- September 4, 2012
- Posted by: essay
- Category: Free essays

Searching and sorting are two classes of basic algorithms which influence heavily the productivity and speed of software. These algorithms are most widely used in software and web applications. Though main methods of searching and sorting have been closely examined, new methods offering original ways of optimization emerge. The aim of this essay is to discuss one method of sorting (bubble sort) and one method of searching (binary search), set an example of realization of these algorithms and estimate their efficiency in terns of big O notation with regard to a set of N elements. This notation describes the behavior of the function when the argument tends to infinity.

# 1. Sorting algorithms

Generally, sorting is a process of putting elements of some list in a given order. Main sorting algorithms are (Horowitz, 1993):

Ã¼Â Â Â Bubble sort

Ã¼Â Â Â Insertion sort

Ã¼Â Â Â Shell sort

Ã¼Â Â Â Merge sort

Ã¼Â Â Â Heap sort

Ã¼Â Â Â Quick sort

Ã¼Â Â Â Bucket sort

Ã¼Â Â Â Radix sort

Ã¼Â Â Â Distribution sort

Ã¼Â Â Â Shuffle sort

## 1.1. Bubble sort

This sorting works by repeatedly stepping through the list to be sorted. It compares two items at a time and swaps them if they are in the wrong order. The pass through the list is repeated until no swaps are needed; this indicates that the list is sorted. The algorithm gets its name from the way smaller elements “bubble” to the top of the list (Sedgewick, 2001).

## 1.2. Example

int array[n];

void swap (int a, int b)

{

int c;

c = array[a];

array[a] = array[b];

array[b] = c;

}

int main ()

{

for (int i = 1; i < n; i++) {

for (int j = 0; j < n-1; j++) {

if (array[j] > array[j + 1])

swap (j, j + 1);

}

}

return (0);

}

## 1.3. Efficiency

In the procedure, we perform n(n-1) comparisons (Sedgewick, 2001); therefore, the execution time of bubble sort in its classical realization is estimated as O(n^{2}).

# 2. Search algorithms

A search task is when an input is given and evaluation of the number of possible occurrences of the input in a given dataset (and their places) should be given. The set of all possible solutions to a problem is called the search space. Here we will regard the case where we search for one occurrence of the input only, and return its position in the dataset.

The most popular search algorithms are (Knuth, 1973):

Ã¼Â Â Â uniformed search

Ã¼Â Â Â list search

Ã¼Â Â Â binary search

Ã¼Â Â Â informed search

Ã¼Â Â Â adversarial search

## 2.1. Binary search

This method can only be applied to sorted arrays of data. The method of binary search searches the location of the sought value by selecting the middle element in the span (which, because the list is in sorted order, is the median value), compares its value to the target value, and determines if it is greater than, less than, or equal to the target value. A guessed index whose value turns out to be too high becomes the new upper bound of the span, and if its value is too low that index becomes the new lower bound (Knuth, 1973). Pursuing this strategy iteratively, the method reduces the search span by a factor of two each time, and soon finds the target value or else determines that it is not in the list at all.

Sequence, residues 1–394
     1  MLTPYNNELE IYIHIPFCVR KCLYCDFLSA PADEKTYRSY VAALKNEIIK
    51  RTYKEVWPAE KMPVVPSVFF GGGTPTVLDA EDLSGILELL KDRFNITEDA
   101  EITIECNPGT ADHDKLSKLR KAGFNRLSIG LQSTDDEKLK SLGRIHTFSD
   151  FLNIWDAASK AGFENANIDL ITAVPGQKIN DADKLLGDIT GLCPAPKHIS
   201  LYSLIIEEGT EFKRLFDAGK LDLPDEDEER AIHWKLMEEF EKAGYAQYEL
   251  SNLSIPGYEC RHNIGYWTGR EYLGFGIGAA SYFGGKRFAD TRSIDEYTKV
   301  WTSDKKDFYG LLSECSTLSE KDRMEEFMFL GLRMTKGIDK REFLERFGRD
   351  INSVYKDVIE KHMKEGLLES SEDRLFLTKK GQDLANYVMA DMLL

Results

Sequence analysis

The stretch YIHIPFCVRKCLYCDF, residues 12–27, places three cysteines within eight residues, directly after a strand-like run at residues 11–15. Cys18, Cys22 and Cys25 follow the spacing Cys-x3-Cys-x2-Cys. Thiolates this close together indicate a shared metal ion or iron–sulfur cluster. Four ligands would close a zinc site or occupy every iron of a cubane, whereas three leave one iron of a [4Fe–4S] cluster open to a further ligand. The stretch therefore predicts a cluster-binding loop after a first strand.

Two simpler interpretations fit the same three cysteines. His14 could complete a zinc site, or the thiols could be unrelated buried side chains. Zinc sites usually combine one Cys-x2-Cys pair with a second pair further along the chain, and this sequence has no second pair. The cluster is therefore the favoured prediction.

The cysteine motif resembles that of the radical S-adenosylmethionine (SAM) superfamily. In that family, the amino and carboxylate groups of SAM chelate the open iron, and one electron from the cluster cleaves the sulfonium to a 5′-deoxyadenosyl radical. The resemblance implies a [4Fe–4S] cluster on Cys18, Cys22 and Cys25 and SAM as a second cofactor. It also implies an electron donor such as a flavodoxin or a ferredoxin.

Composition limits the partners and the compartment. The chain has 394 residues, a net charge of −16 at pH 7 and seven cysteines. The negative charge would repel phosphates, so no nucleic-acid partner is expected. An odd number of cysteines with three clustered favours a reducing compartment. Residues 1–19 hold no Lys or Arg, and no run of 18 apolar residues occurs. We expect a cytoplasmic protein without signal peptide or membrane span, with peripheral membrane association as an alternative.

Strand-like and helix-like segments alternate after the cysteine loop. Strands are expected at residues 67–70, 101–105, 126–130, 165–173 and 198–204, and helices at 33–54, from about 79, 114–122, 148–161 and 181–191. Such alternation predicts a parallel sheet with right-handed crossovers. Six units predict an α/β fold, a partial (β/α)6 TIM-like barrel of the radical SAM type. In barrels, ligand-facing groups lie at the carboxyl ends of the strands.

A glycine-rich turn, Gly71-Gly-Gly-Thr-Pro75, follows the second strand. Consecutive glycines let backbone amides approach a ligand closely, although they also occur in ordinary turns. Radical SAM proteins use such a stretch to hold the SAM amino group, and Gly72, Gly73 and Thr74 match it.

## 2.2. Example

int binary_search(int a[], int low, int high, int target) {

if (high < low)

return -1;

int middle = (low + high)/2;

if (target < a[middle])

return binary_search(a, low, middle-1, target);

else if (target > a[middle])

return binary_search(a, middle+1, high, target);

else if (target == a[middle])

return middle;

}

## 2.3. Efficiency

Let us suggest that search is successful. Then, the search may happen early, or happen later. Generally, for good cases efficiency may be estimated as , and for the worst ones as Â (Sedgewick, 2001). For the case when element is not in list, we also obtain. Therefore, binary search is a logarithmic algorithm and its execution time is estimated as

# Conclusion

We have analyzed the idea, implementation and execution time of a sorting algorithm (bubble sort) and of a search algorithm (binary search). The efficiency of bubble sort is one of the lowest for all sorting of algorithms (though it work quite good on several types of sets).

The efficiency of binary search is very high, and it is one of the most popular methods. The disadvantage of binary search is the demand to search in a previously sorted list.